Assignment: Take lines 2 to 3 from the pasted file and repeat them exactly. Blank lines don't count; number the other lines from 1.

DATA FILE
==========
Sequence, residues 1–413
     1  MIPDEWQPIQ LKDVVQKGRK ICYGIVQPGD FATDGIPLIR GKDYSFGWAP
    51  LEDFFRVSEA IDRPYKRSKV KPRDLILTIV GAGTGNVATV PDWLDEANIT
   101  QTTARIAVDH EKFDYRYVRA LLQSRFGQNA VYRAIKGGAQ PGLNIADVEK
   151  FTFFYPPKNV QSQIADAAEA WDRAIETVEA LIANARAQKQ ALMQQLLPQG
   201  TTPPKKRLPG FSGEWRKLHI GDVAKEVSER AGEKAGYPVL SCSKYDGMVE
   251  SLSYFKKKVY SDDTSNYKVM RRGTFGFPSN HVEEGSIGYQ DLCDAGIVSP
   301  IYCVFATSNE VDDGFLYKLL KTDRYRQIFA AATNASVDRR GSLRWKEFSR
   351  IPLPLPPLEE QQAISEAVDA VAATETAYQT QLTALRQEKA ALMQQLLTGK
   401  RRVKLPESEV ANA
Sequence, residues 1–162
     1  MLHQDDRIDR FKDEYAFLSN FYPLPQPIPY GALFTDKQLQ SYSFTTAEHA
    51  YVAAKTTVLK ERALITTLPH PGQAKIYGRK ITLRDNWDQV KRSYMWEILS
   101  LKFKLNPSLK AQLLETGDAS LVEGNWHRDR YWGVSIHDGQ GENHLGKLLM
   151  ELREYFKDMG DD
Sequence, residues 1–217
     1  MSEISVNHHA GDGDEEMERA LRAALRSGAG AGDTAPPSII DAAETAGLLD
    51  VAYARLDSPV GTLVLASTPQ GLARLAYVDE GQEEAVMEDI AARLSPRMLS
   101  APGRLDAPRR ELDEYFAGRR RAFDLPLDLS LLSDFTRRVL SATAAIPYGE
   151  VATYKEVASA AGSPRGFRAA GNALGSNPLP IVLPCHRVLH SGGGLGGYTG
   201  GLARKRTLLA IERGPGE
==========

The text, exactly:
     1  MIPDEWQPIQ LKDVVQKGRK ICYGIVQPGD FATDGIPLIR GKDYSFGWAP
    51  LEDFFRVSEA IDRPYKRSKV KPRDLILTIV GAGTGNVATV PDWLDEANIT